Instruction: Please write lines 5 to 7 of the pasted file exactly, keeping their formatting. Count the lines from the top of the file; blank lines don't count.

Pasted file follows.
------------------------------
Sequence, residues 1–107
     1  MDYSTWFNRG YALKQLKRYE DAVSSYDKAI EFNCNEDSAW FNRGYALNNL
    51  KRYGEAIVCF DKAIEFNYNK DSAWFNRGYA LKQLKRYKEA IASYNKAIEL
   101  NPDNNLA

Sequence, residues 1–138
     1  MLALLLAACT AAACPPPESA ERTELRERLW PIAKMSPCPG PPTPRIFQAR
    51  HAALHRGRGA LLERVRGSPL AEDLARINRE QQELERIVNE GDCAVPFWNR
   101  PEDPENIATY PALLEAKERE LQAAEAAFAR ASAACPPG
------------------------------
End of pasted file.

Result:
Sequence, residues 1–138
     1  MLALLLAACT AAACPPPESA ERTELRERLW PIAKMSPCPG PPTPRIFQAR
    51  HAALHRGRGA LLERVRGSPL AEDLARINRE QQELERIVNE GDCAVPFWNR